TOKYO (Reuters) - Japan’s Honda Motor Co (7267.T) and Isuzu Motors Ltd (7202.T) on Wednesday said they would jointly research the use of hydrogen fuel cells to power heavy-duty trucks, looking to expand fuel cell use by applying the zero-emission technology to larger vehicles.
As part of a two-year deal, Isuzu will test Honda’s fuel cell powertrain, which was designed for passenger cars, in Isuzu’s commercial trucks, the companies said, which could pave the way for using the technology in a wider range of vehicles.
Automakers are looking to develop more electric vehicles (EVs) to comply with tightening global emissions regulations.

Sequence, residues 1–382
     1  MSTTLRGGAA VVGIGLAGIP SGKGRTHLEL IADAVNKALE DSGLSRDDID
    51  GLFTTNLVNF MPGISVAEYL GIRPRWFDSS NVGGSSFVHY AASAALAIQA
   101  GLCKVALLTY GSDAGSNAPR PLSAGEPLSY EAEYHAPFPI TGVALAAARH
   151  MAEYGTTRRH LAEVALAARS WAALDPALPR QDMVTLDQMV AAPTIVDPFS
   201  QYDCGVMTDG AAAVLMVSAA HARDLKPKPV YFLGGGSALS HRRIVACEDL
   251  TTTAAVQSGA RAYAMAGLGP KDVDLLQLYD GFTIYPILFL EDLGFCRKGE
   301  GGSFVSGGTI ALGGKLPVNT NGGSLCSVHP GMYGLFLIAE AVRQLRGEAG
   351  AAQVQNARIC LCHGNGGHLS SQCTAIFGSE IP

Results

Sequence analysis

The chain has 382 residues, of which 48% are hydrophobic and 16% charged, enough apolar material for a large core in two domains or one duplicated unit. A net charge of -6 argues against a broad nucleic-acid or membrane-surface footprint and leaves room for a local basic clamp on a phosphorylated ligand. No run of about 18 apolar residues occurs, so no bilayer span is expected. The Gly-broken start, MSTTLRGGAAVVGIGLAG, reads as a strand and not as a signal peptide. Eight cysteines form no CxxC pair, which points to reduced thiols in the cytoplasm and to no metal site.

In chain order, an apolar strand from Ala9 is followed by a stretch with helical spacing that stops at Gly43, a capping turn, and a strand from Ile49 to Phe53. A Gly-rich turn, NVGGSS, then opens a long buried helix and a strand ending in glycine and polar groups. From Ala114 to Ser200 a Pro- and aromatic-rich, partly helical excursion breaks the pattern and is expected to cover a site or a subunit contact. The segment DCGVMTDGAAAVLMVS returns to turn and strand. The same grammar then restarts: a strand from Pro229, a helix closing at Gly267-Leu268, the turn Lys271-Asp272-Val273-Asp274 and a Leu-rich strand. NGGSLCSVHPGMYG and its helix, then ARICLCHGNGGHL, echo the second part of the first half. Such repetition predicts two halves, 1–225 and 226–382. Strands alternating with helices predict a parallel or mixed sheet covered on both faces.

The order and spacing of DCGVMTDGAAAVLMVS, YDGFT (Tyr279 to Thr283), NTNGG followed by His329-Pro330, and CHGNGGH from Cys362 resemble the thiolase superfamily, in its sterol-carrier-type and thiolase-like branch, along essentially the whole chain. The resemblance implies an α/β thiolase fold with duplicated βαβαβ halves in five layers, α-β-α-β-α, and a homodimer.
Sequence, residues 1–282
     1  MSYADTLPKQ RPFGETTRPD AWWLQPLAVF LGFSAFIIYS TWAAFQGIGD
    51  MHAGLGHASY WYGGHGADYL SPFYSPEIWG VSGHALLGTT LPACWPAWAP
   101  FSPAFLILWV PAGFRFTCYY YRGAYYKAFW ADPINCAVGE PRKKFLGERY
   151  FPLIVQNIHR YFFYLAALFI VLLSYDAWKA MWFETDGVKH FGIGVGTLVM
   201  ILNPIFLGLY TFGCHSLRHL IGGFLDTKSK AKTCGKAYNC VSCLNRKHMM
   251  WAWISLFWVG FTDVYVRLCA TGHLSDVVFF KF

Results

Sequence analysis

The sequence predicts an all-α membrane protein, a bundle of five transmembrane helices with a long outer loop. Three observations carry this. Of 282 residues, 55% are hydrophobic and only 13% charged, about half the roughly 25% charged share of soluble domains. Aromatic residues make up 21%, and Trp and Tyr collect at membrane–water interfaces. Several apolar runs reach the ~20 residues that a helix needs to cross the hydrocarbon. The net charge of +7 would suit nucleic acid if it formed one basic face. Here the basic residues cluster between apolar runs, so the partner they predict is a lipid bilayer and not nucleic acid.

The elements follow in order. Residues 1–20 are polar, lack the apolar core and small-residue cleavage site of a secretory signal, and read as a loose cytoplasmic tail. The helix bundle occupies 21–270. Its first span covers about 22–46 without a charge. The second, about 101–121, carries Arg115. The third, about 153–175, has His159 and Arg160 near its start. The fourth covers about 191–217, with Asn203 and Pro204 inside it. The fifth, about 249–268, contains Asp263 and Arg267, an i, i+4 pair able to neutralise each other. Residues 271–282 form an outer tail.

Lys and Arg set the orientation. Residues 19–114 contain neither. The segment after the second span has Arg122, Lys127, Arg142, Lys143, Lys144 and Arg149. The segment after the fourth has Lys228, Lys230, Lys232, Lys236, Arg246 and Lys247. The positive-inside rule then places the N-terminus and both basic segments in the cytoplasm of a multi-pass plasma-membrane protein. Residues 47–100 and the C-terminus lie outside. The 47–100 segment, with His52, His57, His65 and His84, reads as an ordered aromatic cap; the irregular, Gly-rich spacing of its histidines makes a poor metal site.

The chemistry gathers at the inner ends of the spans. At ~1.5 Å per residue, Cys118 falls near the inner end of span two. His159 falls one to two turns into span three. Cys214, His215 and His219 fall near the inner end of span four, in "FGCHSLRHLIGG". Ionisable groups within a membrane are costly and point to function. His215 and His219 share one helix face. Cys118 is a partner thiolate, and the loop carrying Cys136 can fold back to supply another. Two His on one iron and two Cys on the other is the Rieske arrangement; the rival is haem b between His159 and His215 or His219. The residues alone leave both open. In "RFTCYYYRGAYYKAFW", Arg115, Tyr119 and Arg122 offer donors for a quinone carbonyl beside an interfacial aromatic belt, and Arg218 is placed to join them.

Many see battery-powered EVs as a solution for passenger cars in urban settings, but a growing number see hydrogen fuel cells as an effective way to power trucks, buses and other big vehicles.
“Although we have done extensive R&D into passenger FCVs (fuel cell vehicles), we have not been able to study how best to apply the technology to commercial vehicles,” a Honda spokesman told reporters at a briefing.
“This partnership will allow us to do that.”
Fuel cell vehicles generate their own electricity using hydrogen stored in onboard tanks.
This enables them to travel longer distances and refuel more quickly than battery EVs, while using less costly energy storage systems.